Even if paternity leaves are provided, there could be situations wherein the male employees are not utilising their paternity leaves due to some prejudiced mindsets and such situations have been observed in some foreign countries as well. To address such issues, there is a need to create awareness to break such stereotypical thoughts among our work-force about the importance of paternity leaves on both the child as well as on spouse.

Some studies have also revealed that some male employees have felt that by availing paternity leaves they may get frowned upon by their employers. Hence, the employers must make sure that the availing of paternity leaves in no way affects the employee’s career and thereby paternity leaves should be normalized to remove the unnecessary stigma attached to it. Recently, Indian cricketer, Virat Kohli had also availed a paternity leave to take care of his family. Such real-life examples are to be taken up as an inspiration and they will also be helpful in normalizing paternity leaves to a certain extend.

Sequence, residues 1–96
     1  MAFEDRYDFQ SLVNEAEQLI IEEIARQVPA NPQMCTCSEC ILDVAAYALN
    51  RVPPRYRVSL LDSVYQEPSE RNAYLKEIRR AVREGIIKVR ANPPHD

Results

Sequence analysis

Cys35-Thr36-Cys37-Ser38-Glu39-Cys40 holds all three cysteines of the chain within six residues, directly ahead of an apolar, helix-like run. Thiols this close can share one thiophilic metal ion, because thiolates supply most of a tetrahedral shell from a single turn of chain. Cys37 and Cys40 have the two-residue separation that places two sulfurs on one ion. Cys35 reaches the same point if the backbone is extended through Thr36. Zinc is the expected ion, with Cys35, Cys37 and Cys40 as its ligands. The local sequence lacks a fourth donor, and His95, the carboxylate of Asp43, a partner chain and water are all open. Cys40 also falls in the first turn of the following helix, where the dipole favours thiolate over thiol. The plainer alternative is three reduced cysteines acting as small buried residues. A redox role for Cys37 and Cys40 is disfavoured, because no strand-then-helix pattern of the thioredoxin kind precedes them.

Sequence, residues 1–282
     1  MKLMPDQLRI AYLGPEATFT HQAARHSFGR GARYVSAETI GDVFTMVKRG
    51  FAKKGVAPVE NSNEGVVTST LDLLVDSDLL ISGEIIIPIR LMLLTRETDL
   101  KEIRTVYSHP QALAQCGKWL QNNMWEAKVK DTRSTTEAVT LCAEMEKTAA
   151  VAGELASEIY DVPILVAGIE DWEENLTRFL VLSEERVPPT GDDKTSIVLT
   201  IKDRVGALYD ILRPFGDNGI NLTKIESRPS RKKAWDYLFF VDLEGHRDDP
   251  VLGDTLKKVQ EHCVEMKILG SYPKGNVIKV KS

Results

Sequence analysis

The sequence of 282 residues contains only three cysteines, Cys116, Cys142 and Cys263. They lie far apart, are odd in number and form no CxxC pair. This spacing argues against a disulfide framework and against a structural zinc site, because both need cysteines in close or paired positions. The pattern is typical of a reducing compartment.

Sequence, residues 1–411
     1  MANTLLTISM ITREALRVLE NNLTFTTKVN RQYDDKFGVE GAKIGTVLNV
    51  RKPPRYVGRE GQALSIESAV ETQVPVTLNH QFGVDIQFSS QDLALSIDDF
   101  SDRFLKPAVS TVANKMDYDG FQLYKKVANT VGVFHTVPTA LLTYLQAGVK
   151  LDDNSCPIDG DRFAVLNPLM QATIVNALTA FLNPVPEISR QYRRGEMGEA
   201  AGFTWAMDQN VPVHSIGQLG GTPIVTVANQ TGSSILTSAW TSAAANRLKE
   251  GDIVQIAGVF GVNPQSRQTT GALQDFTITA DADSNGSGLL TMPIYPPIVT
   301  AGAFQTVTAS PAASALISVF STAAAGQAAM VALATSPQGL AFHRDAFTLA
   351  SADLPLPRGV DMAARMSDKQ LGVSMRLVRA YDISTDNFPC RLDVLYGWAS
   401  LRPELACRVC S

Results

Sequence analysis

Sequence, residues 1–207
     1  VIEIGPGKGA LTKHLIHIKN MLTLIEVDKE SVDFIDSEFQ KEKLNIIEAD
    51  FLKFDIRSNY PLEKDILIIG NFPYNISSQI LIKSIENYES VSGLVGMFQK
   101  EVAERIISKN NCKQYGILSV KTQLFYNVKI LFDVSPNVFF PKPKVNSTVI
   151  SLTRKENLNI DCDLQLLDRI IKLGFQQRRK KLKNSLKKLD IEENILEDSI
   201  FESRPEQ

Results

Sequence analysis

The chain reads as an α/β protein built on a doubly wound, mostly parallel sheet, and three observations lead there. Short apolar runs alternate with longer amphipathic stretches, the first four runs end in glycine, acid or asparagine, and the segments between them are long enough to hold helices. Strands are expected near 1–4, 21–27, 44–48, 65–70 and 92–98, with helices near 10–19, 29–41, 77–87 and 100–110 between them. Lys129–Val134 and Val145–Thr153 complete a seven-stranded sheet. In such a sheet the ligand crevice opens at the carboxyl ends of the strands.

Even though our country lacks a standardised and centralised paternal leave policy, there are some private and multi-national companies that show a very favourable approach in this regard and grant paternal leaves to their male employees. A very good example for such a private company is Zomato. Zomato is a private company based in India that focuses on food delivering. Zomato had announced their stand on paternity leave policy in early 2019 itself. Laudably, Zomato offers fully-paid parental leave benefits for both their male and female employees for a time-period of 26 weeks. In the same way, American e-commerce company, Amazon also had been providing paternity leaves to their male employees since 2015 and the leaves are allowed for a time period of six weeks.